Terminal stations: Batu Caves, Pulau Sebang/Tampin
Interchange stations: Putra, Bank Negara, Kuala Lumpur, KL Sentral
Connecting stations: Putra, Bank Negara, Kuala Lumpur, KL Sentral, Bandar Tasik Selatan,
Check train times here.
A separate route map just for KTM Komuter lines can be found here.


Image by Deva Darshan.

Now, on to KV’s buses. Although they are dependable most of the time, their frequencies are highly dependent on traffic conditions. Expect delays, and plan ahead if going somewhere new. Each bus route has a number, and that number will be displayed at the top front of buses together with the name of the terminal station.

At most bus hubs, an informational display will show the bus routes and their estimated time of arrival. Most bus services have mobile applications to help track bus locations now— which we’ll mention in the list below.

Take note that all RapidKL buses only accept TnG cashless payments, so having a TnG card will be handy if you’ll be taking these buses often. However, Omnibus Selangor buses still use a standard cash ticketing system. After you’ve boarded the bus, a bus conductor will approach you for payment and you’ll be handed a physical ticket.

RKL Rapid Mobility
Although in fact a van, the RKL Rapid Mobility is a public transport ‘door-to-door’ service provided by RapidKL to folks with disabilities. These vans are fitted with a hydraulic lift, giving passengers with wheelchairs ease of boarding.

For more information on service coverage area, operating hours, and booking, visit the website here, or the FAQ section under Rapid Mobility in Klang Valley. We have not personally tried RKL Rapid Mobility, but would love to hear from anyone who has experienced this service before.

RapidKL Buses
Check RapidKL Bus routes here.
Track bus location: MyRapid PULSE app

MRT Buses
The MRT buses services passengers to and from MRT Kajang line stations.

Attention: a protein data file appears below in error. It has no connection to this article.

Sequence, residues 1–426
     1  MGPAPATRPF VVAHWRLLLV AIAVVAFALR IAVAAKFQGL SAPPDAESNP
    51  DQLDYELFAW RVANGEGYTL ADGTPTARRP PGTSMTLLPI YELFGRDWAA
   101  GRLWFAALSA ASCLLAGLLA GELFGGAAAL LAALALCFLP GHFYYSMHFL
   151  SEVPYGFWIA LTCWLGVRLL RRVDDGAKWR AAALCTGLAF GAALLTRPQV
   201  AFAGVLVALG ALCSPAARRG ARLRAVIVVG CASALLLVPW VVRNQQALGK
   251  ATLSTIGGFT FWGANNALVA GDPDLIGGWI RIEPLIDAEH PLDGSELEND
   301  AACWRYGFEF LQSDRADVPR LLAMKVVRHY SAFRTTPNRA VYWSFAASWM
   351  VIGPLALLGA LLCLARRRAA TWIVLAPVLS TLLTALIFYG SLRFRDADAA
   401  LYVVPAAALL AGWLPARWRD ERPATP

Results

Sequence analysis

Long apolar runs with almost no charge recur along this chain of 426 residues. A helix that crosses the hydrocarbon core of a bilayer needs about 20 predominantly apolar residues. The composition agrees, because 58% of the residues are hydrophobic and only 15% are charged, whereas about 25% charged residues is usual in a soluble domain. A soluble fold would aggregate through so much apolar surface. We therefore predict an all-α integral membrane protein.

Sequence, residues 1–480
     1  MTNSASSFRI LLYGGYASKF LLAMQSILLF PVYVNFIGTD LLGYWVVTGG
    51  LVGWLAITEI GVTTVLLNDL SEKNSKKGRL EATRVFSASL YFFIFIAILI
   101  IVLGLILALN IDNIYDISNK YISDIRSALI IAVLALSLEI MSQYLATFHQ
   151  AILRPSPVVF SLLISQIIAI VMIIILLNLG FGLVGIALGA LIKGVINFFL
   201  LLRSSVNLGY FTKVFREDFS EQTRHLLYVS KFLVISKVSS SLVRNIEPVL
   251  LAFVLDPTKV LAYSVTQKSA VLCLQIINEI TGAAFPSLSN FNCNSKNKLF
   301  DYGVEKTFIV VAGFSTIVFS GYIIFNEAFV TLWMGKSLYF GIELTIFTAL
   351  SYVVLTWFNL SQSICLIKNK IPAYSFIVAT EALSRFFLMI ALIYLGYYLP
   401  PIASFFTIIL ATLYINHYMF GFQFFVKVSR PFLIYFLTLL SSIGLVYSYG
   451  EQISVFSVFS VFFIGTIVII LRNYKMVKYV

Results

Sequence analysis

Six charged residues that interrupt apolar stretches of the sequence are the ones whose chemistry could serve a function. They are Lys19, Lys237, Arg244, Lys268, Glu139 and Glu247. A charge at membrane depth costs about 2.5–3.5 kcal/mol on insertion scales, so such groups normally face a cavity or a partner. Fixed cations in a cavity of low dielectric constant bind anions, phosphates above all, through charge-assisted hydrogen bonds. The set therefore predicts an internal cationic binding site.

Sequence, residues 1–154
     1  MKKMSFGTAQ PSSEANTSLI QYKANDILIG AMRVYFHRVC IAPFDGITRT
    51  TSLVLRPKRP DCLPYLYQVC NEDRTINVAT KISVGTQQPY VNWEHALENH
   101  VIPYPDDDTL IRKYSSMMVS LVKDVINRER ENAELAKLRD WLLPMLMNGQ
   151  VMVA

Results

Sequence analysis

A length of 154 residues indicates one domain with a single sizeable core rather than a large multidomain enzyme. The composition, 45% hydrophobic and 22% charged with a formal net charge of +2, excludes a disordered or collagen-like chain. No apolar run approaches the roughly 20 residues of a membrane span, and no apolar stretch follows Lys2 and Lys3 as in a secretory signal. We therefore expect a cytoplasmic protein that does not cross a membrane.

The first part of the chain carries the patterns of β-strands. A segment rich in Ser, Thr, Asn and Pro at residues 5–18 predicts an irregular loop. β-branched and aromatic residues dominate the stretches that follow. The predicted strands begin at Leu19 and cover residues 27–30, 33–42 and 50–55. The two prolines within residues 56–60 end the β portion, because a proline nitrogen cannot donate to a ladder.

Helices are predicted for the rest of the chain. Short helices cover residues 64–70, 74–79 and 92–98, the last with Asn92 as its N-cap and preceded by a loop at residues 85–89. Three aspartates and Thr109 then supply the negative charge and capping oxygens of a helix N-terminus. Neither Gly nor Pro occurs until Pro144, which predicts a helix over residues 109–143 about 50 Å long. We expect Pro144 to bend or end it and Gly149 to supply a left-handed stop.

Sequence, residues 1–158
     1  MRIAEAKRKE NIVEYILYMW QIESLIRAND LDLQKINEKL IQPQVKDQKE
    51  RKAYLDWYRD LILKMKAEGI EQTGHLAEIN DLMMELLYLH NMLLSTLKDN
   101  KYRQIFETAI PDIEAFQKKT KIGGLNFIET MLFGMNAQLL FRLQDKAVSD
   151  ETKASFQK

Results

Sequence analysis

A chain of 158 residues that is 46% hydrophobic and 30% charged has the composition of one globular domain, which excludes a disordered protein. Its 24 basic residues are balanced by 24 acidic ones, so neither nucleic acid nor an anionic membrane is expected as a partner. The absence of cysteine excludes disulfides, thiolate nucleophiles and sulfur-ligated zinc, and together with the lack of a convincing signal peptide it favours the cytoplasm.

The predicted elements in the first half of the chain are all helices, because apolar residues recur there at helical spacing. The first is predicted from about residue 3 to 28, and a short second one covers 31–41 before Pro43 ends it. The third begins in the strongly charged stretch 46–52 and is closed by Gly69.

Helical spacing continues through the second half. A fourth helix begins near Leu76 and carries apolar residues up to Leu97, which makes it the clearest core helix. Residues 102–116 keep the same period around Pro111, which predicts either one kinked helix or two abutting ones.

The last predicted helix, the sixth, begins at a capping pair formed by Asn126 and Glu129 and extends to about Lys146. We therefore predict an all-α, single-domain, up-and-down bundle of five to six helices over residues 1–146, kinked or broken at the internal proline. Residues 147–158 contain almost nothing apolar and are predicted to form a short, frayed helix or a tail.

Check MRT Bus routes here.
Track bus location: MyRapid PULSE app

GoKL Buses
GoKL is a free bus service managed by Kuala Lumpur City Hall (DBKL). Their buses are not numbered, but are named by colour. For example, the GoKL Green Line services the Suria KLCC and Bukit Bintang areas. Pay attention to the name of the bus when boarding.

Check GoKL Bus routes here.
Track bus location: GoKL app (Get it on Google App Store or Apple App Store.)

PJ City Buses
This free bus service has six routes in the Petaling Jaya (PJ) area, with bus stations conveniently located at LRT Taman Bahagia and LRT Taman Jaya.
Check PJ City Bus routes here.
Track bus location: PJ City Bus app (Get it on Google App Store or Apple App Store.)

Smart Selangor Buses
The Smart Selangor Buses started implementing a ‘Scan-to-Ride’ feature in 2021. You’d have to download the CEpat app beforehand and register an account for yourself. Remember to scan the QR code using the CEpat app when you board and when you leave the bus. This bus service is free for Malaysians, while an RM0.90 fee is charged to non-Malaysian passengers.

Note: We’ve seen some frustrated netizens having trouble registering on the CEpat app. While some have had luck showing their Malaysian IC to board the bus, some were denied boarding if they did not have the app. We’d encourage you to download the app before attempting a journey, or find an alternative mode of transportation.

Check Smart Selangor Bus routes here.
Track bus location: Smart Intelligent Transport System (SITS) app

Selangor Omnibus
Check Selangor Omnibus routes here.

Taxis & e-hailing

Taxis & e-hailing
Image by Iqx Azmi.

This mode of public transportation probably needs no introduction. There are many ways to book a ride in the KV via e-hailing. Some of the apps we know and frequently use ourselves are Grab, Gojo, and AirAsia Ride. Of course, there’s also the good ol’ wave-down-a-taxi method to take a metered ride. Most e-hailing apps will also have the taxi option if you’d like to utilise that.

Just be sure that your cabbie uses the meter as sometimes they may try to set an exorbitant flat fee to take you where you want to go. This occurs especially at tourist-heavy locations (such as in front of Pavilion KL), so just ask your driver if they’re using the meter before you hop in.

Well, we hope that was sufficient information to get you started on your public transport journey (literally and metaphorically). All the best and stay safe!